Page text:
Conservative Reformers and Equality of Opportunity

Avik Roy argues in the National Review Online that

For many of today’s conservative reformers [e.g., Roy, Reihan Salam, or Ross Douthat], equality of opportunity — especially for the poor — is the highest moral and political priority. As AEI’s Arthur Brooks wrote in the Wall Street Journal, “the answer is to make improving the lives of vulnerable people the primary focus of authentically conservative policies.”


Ezra Klein is skeptical. He argues that the actual policies promoted by ‘opportunity’-focused Republican leaders such as Representative Paul Ryan would in practice promote inequality of opportunity.

On the Republican side, Rep. Paul Ryan (Wis.) has taken the lead in arguing that conservatives should focus on opportunity. But his approach largely consists of cuts to the safety net. The policies enshrined in his budget suggest that the poor are held back by the government spending too much money to cover the uninsured and too much money on food stamps and too much money on education and too much money on childhood nutrition and too much money on daycare.

I share Klein’s concerns about the likely consequences of Ryan’s policies. Moreover, I agree with his view that in judging policies, what matters is the policies’ consequences rather than the principles that purportedly justify them.

However such considerations do not require us to believe that Roy’s commitment to equality of opportunity is just a change in messaging rather than moral substance. That would suggest that conservative reformers’ professions of egalitarian commitments are in bad faith. It is not only more charitable but also more likely that Roy simply believes that Ryan’s policies would promote equality of opportunity.

Moral argument is important and I am sure that Avik Roy and I still disagree about many things. Nevertheless, I was happy to read his paean to equality of opportunity. Finding moral common ground allows us to clarify our disagreements on policy. To the degree that we have common goals, we can focus debate on the means to those goals. These debates will be more empirical. We can argue about experimental data and its interpretation. That’s progress.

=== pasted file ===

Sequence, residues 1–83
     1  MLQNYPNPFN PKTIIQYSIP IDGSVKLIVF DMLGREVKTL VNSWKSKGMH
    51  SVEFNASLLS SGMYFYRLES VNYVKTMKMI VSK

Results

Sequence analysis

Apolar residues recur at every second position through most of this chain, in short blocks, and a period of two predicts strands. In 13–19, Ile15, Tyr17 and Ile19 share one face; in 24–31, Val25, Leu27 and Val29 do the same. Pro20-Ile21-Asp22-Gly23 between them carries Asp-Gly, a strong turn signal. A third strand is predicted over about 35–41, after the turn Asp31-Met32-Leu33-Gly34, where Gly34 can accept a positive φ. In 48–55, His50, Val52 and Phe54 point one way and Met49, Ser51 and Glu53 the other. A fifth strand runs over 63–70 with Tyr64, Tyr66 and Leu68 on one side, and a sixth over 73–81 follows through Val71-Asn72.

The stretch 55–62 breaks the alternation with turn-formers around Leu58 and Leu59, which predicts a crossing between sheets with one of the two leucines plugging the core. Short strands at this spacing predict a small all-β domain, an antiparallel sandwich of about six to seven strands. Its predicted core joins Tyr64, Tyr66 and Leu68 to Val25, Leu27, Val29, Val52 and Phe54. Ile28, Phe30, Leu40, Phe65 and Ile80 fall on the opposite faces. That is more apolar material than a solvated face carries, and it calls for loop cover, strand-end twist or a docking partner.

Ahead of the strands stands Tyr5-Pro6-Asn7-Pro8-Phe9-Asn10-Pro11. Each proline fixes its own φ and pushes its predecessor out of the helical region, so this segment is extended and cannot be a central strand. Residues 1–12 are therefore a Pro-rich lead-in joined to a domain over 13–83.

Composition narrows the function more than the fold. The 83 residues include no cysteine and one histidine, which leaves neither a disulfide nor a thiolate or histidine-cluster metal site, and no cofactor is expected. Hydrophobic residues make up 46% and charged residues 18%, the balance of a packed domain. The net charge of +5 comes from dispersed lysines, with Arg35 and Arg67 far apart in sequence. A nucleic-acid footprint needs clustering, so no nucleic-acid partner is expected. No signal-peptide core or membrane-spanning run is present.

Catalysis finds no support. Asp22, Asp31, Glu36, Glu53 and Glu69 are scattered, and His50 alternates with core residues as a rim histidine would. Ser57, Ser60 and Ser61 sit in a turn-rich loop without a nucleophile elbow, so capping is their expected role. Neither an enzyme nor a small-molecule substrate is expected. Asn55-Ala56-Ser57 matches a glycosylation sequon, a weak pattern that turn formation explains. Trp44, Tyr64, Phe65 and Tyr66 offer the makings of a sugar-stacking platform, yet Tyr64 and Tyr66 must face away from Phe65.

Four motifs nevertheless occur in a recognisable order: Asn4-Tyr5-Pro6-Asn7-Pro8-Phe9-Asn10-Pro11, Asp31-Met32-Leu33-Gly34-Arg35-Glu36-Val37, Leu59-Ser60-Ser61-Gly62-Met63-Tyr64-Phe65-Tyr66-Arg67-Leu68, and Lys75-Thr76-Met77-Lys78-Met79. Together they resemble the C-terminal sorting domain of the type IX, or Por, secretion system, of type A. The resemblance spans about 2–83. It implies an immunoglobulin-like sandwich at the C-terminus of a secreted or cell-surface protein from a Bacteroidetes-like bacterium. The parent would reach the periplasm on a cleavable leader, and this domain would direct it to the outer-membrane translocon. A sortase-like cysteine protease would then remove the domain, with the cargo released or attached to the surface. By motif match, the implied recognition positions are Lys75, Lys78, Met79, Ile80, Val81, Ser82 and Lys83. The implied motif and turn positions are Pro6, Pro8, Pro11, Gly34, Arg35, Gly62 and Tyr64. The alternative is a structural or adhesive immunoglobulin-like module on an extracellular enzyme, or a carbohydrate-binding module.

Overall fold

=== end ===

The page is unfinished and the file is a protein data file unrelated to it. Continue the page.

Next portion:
@Bill_Gardner

About Bill Gardner

A health care researcher and a child and quantitative psychologist by training. I am an American living in Canada and am Professor of Paediatrics, Obstetrics & Gynaecology, and Community Health & Epidemiology at Dalhousie University; and Professor of Pediatrics, Psychology, and Psychiatry at The Ohio State University. I also blog at The Incidental Economist (theincidentaleconomist.com) and you can follow me @Bill_Gardner on Twitter.
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4 Responses to Conservative Reformers and Equality of Opportunity

  1. Paul says:

    Equality of opportunity is relevant primarily when there is a hierarchy of outcomes. There are two main reasons why we might tolerate such a hierarchy: liberty (“it’s what happens when we let the chips fall where they may”), and priority (“the inequalities that constitute the hierarchy create incentives that are useful for even the worst off”).

    This means equality of opportunity is not an ideal in a vacuum, but an ideal that has relevance only in the context of a prior moral ideal. It also means that its relative moral importance must always be assessed with an eye toward the independent moral considerations that justify hierarchies and that therefore make equal opportunity relevant in the first place.

  2. Bill Gardner says:

    Paul, that is clear and enlightening. I’m not sure whether or how it bears on my post.

  3. Paul Kelleher says:

    Sorry, yeah, I was oblique. I was just pointing out that Roy must give us more, since at least the liberty-oriented conservative gives us a fundamental ideal to work with. Since equality of opportunity cannot be an ideal in a vacuum, telling us that he is an opportunity-oriented conservative doesn’t yet tell us which prior moral ideal he wants operative alongside the ideal of equal opportunity. If it’s not liberty, then is it priority? It’d be nice to know.

  4. Bill Gardner says:

    Isn’t it also possible that some people could espouse ‘equality of opportunity’ because they thought it was the correct understanding of ‘fairness’? Fairness feels like something that people value for its own sake, not as something that has to be made sense of in terms of another prior moral ideal. So a person with that view might value equality of opportunity for its own sake. I can also see how you might come to equality of opportunity as a kind of compromise between ideal of fair outcomes and liberty.

    Is this getting at your point, or am I missing it?

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